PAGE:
The science of arms monitoring has come a long way since the 1940s and early '50s, when the United States dispatched manned aircraft along the periphery of the Soviet Union hoping to get a glimpse of military installations inside its borders. The U-2 spy plane gave Washington a deeper look inside the Soviet Union from 1956 to 1960. Since then, spy satellites have provided a torrent of data by photographing and using other surveillance technologies while orbiting overhead. In recent years, more intrusive practices have been employed, including on-site inspections of military bases and missile factories. Ronald Reagan never tired of using the phrase "Trust but verify" when discussing arms control issues.

Edward M. Ifft, a former State Department on-site arms inspector and an expert on these matters, imagines four stages of monitoring and verifying a zero world. At stage one, the starting point for final reductions would have to be confirmed---if the number of warheads or delivery vehicles that a nation starts with were unknown, counting down to zero would be impossible. Then the retirement and dismantlement of warheads, or at least their separation from delivery systems like missiles, would have to be meticulously tracked. Next, the removal and storage or disposal of fissile material must be monitored. Last, surveillance would be required to ensure that reconstitution activities---at defense labs, bomb-making facilities, missile bases, and so on---did not exceed international limits.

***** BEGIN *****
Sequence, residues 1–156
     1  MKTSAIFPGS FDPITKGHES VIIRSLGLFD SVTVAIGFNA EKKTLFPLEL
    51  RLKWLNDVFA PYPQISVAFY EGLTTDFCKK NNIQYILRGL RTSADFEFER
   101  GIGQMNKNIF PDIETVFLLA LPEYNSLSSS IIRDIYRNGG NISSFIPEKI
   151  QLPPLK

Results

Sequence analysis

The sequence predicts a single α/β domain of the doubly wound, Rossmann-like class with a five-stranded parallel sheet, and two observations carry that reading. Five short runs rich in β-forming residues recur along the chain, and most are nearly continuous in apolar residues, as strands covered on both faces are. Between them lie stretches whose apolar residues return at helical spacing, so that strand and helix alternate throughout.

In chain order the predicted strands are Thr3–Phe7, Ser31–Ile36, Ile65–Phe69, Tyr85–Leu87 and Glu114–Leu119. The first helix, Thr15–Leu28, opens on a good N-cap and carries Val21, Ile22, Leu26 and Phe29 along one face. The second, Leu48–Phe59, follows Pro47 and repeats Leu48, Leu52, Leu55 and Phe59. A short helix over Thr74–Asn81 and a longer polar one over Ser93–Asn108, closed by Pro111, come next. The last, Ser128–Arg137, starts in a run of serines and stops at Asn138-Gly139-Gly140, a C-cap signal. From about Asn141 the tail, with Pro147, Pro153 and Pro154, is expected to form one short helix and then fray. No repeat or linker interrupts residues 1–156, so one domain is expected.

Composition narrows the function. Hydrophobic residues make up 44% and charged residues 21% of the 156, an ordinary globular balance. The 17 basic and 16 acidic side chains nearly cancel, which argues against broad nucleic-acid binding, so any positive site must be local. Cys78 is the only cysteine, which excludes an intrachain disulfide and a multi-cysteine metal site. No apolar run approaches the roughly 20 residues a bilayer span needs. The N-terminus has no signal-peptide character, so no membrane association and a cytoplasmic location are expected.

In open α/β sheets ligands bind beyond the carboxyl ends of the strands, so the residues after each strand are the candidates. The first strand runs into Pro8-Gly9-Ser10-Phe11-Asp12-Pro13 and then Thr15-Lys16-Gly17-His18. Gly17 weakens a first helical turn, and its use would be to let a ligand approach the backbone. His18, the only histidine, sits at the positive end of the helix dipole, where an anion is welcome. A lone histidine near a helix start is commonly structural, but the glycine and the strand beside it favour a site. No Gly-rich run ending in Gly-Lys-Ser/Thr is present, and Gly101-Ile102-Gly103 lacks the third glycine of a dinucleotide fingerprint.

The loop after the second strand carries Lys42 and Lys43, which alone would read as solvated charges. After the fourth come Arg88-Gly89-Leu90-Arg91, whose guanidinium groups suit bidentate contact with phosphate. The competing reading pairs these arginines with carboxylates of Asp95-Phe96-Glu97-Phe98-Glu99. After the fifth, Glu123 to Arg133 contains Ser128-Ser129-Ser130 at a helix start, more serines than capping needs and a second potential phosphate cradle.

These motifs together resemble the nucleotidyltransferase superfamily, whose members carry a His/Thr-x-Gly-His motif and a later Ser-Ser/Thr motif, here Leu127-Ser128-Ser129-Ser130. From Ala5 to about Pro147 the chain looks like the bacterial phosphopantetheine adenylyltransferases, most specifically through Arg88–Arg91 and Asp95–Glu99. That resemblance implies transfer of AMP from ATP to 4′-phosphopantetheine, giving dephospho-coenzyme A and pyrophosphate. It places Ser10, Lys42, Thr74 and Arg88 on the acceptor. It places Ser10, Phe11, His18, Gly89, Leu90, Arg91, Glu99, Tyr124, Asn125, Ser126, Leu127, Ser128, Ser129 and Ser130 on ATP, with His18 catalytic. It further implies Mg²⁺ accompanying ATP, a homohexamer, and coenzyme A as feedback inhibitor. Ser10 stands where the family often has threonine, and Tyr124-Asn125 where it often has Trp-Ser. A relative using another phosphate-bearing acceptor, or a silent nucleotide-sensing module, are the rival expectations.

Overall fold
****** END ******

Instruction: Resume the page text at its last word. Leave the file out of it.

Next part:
The United States and other nations have some experience monitoring these sorts of things, but the degree of difficulty would be much higher in dealing with a countdown to zero and reconstitution facilities and materials. Drell and Goodby described a few techniques involved: "National technical means [satellites], data exchanges, on-site inspections (both routine ones and those prompted by a challenge), perimeter and portal continuous monitoring, tags and seals, sensors and detection devices to monitor nuclear activity and the resulting effluents, remote viewing as conducted already by the International Atomic Energy Agency, and---no less important---human intelligence, or good old-fashioned spying."